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Sexual Homicide: A Spatial Analysis of 25 Years of Deaths in Los Angeles

NCJ Number
Journal of Forensic Sciences Volume: 52 Issue: 5 Dated: September 2007 Pages: 1129-1141
Isaac T. Van Patten Ph.D.; Paul Q. Delhauer B.A.
Date Published
September 2007
13 pages
An analysis of sexual homicides from 1980 to 2004 in Los Angeles County (n=197) focused on the spatial geometry of these offenses and the impact of time and distance on case clearance.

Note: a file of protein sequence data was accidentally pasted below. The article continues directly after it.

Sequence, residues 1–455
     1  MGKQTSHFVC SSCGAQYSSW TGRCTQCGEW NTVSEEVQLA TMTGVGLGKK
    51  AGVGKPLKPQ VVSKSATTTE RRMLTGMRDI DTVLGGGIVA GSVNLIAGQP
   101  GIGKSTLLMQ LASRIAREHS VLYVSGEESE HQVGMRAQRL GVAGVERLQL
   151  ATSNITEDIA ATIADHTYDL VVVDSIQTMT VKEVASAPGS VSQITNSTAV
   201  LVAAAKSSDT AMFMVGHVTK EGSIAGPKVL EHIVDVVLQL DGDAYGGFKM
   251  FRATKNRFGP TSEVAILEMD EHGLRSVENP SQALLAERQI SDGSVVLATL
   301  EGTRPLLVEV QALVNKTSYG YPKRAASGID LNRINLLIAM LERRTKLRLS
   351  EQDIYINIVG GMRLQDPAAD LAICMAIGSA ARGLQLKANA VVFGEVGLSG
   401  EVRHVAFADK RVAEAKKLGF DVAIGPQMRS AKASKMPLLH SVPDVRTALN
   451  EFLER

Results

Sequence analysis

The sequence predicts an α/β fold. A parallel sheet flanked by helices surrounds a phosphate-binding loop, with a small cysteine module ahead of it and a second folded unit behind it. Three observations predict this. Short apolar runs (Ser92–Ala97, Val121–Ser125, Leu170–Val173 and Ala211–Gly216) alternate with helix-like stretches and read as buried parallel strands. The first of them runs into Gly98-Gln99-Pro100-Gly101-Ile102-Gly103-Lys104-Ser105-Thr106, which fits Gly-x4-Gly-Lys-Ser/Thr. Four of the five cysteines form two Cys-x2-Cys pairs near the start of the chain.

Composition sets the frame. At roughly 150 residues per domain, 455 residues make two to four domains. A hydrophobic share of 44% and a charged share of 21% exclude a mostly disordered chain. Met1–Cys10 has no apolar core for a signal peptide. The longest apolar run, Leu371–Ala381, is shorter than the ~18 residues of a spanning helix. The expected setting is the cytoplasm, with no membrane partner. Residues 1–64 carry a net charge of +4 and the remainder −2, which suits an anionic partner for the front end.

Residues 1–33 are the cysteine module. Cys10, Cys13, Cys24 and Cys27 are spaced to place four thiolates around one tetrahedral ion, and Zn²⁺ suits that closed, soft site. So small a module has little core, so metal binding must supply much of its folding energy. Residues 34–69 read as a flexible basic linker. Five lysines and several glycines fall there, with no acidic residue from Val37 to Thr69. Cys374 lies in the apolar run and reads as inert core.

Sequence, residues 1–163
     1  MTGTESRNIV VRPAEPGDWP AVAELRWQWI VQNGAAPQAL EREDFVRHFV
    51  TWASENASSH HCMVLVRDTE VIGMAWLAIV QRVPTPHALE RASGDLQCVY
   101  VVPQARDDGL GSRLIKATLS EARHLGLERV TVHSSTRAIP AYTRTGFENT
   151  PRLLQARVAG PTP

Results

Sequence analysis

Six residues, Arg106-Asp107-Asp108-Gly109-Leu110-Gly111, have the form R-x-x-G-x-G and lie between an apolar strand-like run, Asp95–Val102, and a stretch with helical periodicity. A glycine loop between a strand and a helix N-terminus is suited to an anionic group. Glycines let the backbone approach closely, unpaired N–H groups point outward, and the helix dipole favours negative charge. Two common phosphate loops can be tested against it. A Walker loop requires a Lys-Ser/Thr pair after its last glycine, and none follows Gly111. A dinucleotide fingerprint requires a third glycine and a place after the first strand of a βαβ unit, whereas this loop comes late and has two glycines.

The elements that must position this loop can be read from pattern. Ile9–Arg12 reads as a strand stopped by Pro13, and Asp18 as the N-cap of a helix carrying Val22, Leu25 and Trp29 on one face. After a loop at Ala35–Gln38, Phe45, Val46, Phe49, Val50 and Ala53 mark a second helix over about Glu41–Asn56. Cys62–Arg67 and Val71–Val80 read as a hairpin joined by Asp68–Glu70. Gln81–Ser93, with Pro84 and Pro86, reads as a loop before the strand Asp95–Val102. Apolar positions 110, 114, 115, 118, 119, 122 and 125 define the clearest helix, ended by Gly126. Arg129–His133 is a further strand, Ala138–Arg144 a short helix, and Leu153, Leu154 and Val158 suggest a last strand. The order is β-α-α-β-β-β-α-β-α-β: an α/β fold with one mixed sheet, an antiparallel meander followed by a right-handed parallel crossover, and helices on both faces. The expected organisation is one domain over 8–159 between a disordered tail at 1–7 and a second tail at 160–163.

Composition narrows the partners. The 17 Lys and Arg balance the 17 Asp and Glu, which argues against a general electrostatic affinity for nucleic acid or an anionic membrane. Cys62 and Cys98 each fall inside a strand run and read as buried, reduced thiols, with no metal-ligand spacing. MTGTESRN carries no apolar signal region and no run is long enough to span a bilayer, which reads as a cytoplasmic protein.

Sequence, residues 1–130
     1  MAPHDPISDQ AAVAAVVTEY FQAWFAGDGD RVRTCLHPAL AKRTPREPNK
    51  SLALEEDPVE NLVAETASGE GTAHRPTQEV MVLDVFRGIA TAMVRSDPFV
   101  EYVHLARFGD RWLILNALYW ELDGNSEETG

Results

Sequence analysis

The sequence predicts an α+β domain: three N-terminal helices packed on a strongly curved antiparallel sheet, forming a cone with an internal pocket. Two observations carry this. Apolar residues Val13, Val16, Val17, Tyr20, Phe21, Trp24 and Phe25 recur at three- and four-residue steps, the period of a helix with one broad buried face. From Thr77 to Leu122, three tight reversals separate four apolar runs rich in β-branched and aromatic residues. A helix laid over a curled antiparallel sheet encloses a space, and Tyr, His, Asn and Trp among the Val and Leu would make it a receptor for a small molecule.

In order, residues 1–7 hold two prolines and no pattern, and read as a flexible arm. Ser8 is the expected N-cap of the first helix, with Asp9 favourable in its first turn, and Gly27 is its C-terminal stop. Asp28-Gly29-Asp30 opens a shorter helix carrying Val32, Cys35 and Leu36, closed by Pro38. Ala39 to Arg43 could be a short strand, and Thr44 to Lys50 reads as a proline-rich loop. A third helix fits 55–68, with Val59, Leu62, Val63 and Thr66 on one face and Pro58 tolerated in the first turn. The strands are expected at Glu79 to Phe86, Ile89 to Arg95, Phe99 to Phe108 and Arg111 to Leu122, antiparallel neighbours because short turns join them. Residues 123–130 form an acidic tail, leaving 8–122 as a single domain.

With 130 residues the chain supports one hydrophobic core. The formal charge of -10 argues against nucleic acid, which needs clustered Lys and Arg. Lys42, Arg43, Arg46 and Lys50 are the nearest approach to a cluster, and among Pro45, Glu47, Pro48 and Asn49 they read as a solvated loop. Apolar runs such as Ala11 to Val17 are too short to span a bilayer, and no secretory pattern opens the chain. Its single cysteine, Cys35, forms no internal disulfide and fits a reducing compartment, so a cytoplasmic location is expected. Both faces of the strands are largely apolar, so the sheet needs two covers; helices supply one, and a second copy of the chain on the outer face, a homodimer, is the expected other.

The spatial geometry related to the homicide event provides a systematic method for analyzing the relationship between critical locations and the homicide. The simplest geometry occurs when the homicide happens in the place where the victim and offender live together. A "line" geometry occurs when the offender and victim live in separate places and the homicide takes place in either the offender's or the victim's residence. This requires that either the offender or the victim travel to the place where the homicide occurs. A "triangle" geometry occurs when both the victim and offender have traveled to the point where the homicide happens some distance from their residences. The more complex the spatial geometry of the homicide encounter, the more difficult the homicide investigation and the less likely that the case will be cleared. Regarding time frame, the longer the case remains unsolved, the more likely it will not be cleared. The closer a case comes to the 180-day mark without the development of substantial leads, the greater the need for the expansion of investigative resources. A multidisciplinary review and consultation not later than 60 days from case inception can be beneficial. The study's methodology involved an examination of the following for each case: offender and victim journey to the encounter site, journey to body disposal site, and offender journey after the crime. Both time factors and spatial geometry were analyzed with logistic regression models. 14 tables, 9 figures, and 34 references


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